Thursday, April 16, 2009

“Why Haynesville Will be the Last Field Standing”

That was the title of GMX Resources presentation at the Developing Unconventional Gas (DUG) conference last week. Since they are more or less a pure play on the Haynesville Shale, it is probably as much wishful thinking as a prediction. The presentation was an interesting source of information about GMX as well as others, as the excerpted slides show below. While I did pick and choose some images, I recommend reading the whole presentation (here’s a link). There is good info in the presentation about current drilling operations, technical analytical material (i.e. logs), well economics and competitive intelligence, especially on Chesapeake and Petrohawk.

Below is a great graphic that summarizes the capital budgets of each company in the Haynesville Shale (size of dot) and how much of that budget is allocated to the Haynesville Play (vertical axis). I love it when someone can depict a lot of information in an easy to understand graphic.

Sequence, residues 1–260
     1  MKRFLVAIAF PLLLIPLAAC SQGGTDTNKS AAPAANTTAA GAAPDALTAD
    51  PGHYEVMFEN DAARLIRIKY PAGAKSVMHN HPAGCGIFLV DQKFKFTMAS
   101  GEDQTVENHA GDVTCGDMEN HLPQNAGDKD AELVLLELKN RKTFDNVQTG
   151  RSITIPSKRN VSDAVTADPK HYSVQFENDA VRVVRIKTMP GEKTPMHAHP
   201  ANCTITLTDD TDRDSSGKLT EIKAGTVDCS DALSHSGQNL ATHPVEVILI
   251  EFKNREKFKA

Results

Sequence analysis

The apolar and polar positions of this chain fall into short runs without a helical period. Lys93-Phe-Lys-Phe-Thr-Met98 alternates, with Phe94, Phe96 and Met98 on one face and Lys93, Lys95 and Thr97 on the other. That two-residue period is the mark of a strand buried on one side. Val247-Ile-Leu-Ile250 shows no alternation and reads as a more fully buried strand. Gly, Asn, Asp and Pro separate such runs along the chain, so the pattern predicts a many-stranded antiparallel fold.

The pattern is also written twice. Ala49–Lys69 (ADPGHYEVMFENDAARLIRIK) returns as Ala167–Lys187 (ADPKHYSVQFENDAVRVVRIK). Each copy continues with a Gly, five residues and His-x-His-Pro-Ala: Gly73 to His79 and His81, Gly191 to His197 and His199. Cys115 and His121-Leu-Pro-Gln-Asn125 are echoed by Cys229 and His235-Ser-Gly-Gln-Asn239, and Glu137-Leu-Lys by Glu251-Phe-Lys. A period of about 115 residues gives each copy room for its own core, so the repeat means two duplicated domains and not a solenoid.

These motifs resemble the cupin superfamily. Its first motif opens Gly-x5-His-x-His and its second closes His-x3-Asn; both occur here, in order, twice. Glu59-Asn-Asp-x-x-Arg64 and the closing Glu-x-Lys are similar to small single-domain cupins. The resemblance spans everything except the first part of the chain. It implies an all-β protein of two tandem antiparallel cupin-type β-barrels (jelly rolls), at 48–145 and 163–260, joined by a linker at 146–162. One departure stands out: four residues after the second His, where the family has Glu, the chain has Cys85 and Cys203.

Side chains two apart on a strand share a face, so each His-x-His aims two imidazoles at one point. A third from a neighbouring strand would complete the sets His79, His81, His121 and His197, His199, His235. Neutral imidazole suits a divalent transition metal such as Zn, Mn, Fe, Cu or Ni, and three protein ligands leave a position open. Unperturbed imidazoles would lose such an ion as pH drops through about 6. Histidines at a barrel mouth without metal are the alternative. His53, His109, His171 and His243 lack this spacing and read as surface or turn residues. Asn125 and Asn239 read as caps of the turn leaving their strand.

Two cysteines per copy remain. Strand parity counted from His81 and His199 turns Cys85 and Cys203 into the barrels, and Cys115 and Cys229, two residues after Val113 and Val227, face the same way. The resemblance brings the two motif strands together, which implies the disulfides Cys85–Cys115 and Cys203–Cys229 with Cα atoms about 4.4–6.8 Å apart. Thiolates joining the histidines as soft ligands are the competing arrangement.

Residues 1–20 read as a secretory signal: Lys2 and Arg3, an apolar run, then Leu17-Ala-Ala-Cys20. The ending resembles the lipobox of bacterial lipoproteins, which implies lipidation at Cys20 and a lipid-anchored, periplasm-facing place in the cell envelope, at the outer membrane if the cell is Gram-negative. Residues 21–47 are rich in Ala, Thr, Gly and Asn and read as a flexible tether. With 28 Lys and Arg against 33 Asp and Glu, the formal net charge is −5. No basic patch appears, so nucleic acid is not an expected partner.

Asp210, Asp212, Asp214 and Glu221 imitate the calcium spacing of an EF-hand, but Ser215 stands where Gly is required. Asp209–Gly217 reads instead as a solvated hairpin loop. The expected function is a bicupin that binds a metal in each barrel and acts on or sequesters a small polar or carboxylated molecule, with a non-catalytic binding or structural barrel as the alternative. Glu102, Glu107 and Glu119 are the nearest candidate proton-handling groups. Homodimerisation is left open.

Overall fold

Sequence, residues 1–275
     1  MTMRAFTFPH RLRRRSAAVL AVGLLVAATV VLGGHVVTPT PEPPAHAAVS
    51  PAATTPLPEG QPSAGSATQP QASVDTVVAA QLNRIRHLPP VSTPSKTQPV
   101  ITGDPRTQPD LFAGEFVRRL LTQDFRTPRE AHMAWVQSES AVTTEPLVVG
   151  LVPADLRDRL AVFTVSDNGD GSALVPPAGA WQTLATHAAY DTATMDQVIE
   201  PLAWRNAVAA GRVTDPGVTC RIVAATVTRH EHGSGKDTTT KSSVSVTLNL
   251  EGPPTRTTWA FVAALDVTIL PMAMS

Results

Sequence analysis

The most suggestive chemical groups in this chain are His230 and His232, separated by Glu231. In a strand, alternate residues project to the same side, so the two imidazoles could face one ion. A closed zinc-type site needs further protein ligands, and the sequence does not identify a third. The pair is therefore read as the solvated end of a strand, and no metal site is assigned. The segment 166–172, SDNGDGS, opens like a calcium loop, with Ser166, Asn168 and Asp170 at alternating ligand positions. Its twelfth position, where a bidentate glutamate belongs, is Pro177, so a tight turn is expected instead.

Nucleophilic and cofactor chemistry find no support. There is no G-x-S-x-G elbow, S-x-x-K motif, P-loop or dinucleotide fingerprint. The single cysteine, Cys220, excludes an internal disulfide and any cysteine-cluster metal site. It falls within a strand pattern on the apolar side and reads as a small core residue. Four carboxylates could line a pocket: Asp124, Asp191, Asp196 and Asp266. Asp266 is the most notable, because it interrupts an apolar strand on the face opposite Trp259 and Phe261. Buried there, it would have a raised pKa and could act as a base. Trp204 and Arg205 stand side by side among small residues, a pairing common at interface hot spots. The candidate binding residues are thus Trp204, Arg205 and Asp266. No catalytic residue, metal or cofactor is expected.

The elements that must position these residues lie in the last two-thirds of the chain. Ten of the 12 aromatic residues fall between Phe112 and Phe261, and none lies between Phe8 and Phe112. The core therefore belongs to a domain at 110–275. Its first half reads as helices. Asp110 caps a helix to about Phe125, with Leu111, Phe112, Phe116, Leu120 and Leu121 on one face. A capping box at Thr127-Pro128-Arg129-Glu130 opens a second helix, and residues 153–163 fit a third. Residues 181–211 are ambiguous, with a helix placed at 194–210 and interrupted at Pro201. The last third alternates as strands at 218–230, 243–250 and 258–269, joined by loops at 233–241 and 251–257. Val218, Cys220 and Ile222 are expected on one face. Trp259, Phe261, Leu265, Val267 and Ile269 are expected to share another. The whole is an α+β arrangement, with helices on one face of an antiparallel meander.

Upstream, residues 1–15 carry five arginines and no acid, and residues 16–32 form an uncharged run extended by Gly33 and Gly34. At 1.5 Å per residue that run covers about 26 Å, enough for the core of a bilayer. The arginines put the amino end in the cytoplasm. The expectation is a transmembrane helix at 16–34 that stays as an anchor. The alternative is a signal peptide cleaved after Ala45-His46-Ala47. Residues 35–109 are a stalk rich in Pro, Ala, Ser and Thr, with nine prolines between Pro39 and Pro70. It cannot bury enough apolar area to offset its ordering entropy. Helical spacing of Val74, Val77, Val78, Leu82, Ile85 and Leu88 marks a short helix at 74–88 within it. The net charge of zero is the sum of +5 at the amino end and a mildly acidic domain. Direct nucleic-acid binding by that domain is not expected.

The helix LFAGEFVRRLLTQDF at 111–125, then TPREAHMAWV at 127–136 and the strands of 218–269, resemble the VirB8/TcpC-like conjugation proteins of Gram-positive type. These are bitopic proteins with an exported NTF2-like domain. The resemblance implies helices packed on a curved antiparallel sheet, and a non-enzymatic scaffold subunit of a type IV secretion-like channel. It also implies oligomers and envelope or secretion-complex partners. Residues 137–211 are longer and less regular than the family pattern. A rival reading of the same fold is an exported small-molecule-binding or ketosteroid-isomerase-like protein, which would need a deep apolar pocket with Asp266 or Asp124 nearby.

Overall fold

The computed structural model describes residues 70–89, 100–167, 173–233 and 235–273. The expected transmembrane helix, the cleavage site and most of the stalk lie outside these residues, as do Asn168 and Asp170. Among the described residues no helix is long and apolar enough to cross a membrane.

The presentation also had information about fracturing that was pretty interesting. It showed a graphic depiction of fracturing with slides showing an aerial shot and a cross section.




There was also an interesting graphical depiction of the capex behind well cost, showing the that companies are reducing costs by squeezing suppliers and speeding time to market for the gas. The bar chart shows the different components of the costs of a well. While it's nice to see a breakdown, the category titles are vague, and the reader is left wondering whether or not land acquisition costs are included in the well economics.



GMX engaged in a lengthy discussion of hedging. Having locked in good forward selling prices is vital for the survival of the E&P companies. There are a few good slides in the presentation addressing this, but I won’t go into that detail. GMX also comes out saying that they are confident that gas prices will rise (although I read a quote by Dan Pickering of Tudor Pickering Holt & Co, an influential analyst, noting that there are lots of people talking about $2 gas by the fall (note: he didn’t say that he was predicting this)). GMX quotes a Bloomberg article that notes that a survey of 20 analysts sees gas trading at $7/MBtu in January 2010 and January 2010 futures are trading at a 49% premium to the current price.

Finally, I have included a couple of slides showing current drilling activity in the Haynesville Play. Note that the second slide has good detail by company for the Texas side of the play.




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